Tuesday, October 16, 2012

November 2: Rigor and Inhumanity

Boston, November 2
By some prisoners lately returned from New-York, we learn, that the American as well as French prisoners there have in general been treated...with great rigor and inhumanity.

The Independent Ledger, and the American Advertiser (Boston, Massachusetts), 2 November 1778

Friday, October 12, 2012

Dear Syrian Rebels Part 4

In 1937, as China faced an invasion by the Empire of Japan, Chinese Communist Mao Zedong wrote his essay On Guerrilla Warfare.  

We further our mission of destroying the enemy by propagandizing his troops, by treating his captured soldiers with consideration, and by caring for those of his wounded who fall into our hands.  If we fail in these respects, we strengthen the solidarity of our enemy.  

Mao Tse-Tung [Zedong], On Guerrilla Warfare, trans. Samuel B. Griffith (Champaign: University of Illinois Press, 2000 [1961]), page 93.  Mao ruled China from 1949 to his death in 1976.  Although his policies as a ruler destroyed millions of lives, Mao's doctrine of guerrilla warfare influenced modern counterinsurgency doctrine.  

Thursday, October 11, 2012

October 14: Prisoners in Halifax

On October 15, 1778, a writer in Boston, Massachusetts reported a cartel or exchange vessel that carried prisoners returning from British custody in Canada: "Yesterday afternoon arrived here, a cartel from Halifax, with 400 unfortunate American prisoners, who have long been starving in their gaols, and on board guard ships."  

The Pennsylvania Packet or the General Advertiser (Philadelphia), 27 October 1778.  Any suffering of American prisoners in Canada was not the fault of the Canadian people.  Canadians were generous to American soldiers who arrived in the country early in the war, as Thomas A. Desjardin wrote in Through a Howling Wilderness: Benedict Arnold's March to Quebec, 1775.  When Americans suffered in jails and prison ships in Canada, it was the fault of British military officers.  For the 1778 report from Boston, please visit the database 
Early American Newspapers.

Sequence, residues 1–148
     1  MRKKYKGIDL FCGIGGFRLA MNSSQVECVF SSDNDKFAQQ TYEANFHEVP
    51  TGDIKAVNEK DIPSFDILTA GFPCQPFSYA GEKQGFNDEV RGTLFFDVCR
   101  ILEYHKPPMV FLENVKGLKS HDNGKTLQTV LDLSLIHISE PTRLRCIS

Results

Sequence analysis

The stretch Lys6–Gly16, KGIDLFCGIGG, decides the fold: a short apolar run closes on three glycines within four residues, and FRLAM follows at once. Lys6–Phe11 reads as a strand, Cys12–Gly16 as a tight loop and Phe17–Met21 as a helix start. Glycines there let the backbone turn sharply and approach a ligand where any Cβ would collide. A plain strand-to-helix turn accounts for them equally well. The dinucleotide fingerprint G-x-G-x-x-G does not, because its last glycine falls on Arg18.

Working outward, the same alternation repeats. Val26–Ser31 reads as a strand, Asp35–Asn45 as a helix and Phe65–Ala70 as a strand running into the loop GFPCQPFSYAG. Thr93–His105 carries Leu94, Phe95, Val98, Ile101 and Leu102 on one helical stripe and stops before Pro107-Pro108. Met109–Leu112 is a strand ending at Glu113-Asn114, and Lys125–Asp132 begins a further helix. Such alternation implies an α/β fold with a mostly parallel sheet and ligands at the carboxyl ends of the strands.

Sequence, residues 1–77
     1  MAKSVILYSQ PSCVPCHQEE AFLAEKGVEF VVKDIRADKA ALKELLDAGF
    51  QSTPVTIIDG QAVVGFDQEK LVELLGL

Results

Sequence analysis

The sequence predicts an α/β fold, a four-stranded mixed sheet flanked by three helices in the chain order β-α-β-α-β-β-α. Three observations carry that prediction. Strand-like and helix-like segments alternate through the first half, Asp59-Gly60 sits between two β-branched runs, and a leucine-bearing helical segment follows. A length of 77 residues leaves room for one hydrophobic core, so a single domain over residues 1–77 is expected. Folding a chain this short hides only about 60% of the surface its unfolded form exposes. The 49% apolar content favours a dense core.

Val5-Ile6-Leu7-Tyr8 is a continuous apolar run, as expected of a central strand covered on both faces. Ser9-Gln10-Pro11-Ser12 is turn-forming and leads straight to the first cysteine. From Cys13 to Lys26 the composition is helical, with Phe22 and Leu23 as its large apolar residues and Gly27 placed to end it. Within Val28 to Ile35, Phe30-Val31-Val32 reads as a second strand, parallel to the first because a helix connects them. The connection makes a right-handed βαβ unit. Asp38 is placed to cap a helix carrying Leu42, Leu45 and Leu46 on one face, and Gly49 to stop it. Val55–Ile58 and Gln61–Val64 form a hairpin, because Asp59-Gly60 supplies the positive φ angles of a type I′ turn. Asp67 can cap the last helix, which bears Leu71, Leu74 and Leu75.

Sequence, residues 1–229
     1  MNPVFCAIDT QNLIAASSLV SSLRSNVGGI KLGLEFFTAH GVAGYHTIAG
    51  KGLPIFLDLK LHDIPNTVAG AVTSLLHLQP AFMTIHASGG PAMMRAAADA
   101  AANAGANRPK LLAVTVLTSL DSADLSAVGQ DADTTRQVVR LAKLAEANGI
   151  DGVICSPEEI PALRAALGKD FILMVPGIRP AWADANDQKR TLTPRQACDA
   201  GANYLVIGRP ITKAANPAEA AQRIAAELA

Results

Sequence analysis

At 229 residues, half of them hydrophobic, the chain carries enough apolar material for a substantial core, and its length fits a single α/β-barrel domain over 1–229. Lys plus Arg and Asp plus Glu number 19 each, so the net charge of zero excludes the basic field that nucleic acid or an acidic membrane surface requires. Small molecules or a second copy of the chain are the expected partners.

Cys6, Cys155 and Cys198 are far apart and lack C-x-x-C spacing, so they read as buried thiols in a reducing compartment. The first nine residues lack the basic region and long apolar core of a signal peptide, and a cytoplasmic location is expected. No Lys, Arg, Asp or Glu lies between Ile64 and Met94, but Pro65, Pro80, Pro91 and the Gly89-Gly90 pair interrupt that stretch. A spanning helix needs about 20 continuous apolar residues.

October 23: French Prisoners

New London, Connecticut, Friday, October 23, 1778
Wednesday two Ships with Flags arrived here from New-York; they...brought between 4 and 500 French Prisoners, to be exchanged for British Prisoners taken by Count d’Estaing’s Squadron.  They are in a very emaciated and sickly Condition.
The New-London Gazette, 23 October 1778

The British military occupied New York City from 1776 to the end of the war in 1783.  Conditions for prisoners detained by the British in the occupied city were notorious for most of the war.  Consider, for instance, this letter reportedly from a captive on the prison ship Jersey. 

From 1778 to 1780, French Admiral Jean Baptiste Charles Henri Hector, Comte d'Estaing led a French fleet in support of the American struggle for independence from Great Britain.

Newspapers around the country reprinted the October 23 account of the sick and hungry French prisoners released by the British.  For instance,
Philadelphia’s Pennsylvania Packet published the story on 10 November 1778.  Please consult the database Early American Newspapers, Series I for a reasonable yearly fee from the Philadelphia Free Library.   

Tuesday, October 9, 2012

The Privateer Rattlesnake

The December 12, 1778 issue of Philadelphia newspaper The Pennsylvania Packet or the General Advertiser carried news with the dateline Williamsburg, Virginia, October 9.  The news from Williamsburg closed with a story about Pennsylvania Privateer the Rattlesnake, dated November:

Nov. 27.  Advice is just come to town of a British armed vessel called the Swift, Captain Tathwell, having run ashore at the Capes, when in pursuit of the schooner Rattlesnake.  The Swift's people set their vessel on fire, and they, ninety-two in number, are carried prisoners to Portsmouth.  The Rattlesnake is entirely lost.

The web site American War of Independence--at Sea (awiatsea): The American Privateers reports that the Rattlesnake was "driven ashore and destroyed by HM Sloop Swift" on 22 November 1778, at the Virginia Capes near the mouth of Chesapeake Bay.  Joseph Tathwell commanded the Swift.  David McCullough, an ancestor of Jazz musician Harry Connick, Jr., commanded the Rattlesnake from December 1776 to 22 November 1778.  Awiatsea reports, "This was not the end of the Rattlesnake, however.  She was inspected, righted, salvaged, and put into service in Virginia."
Watch The Rattlesnake on PBS. See more from Finding Your Roots.

Friday, October 5, 2012

Dear Syrian Rebels Part 3

Tench Tilghman, an aide de camp of George Washington, described how Washington treated Tories, Americans Loyal to the British: “He is blessed wherever he goes for the Tory is protected in person and property equally with the Whig.  And indeed I often think more, for it is his Maxim to convert by good Usage and not by Severity.” Tench Tilghman to his Loyalist father, James Tilghman, 22 February 1777, in Samuel Alexander Harrison, editor, Memoir of Lieut. Col. Tench Tilghman: Secretary and aid to Washington… (Albany, NY: J. Munsell, 1876), page 153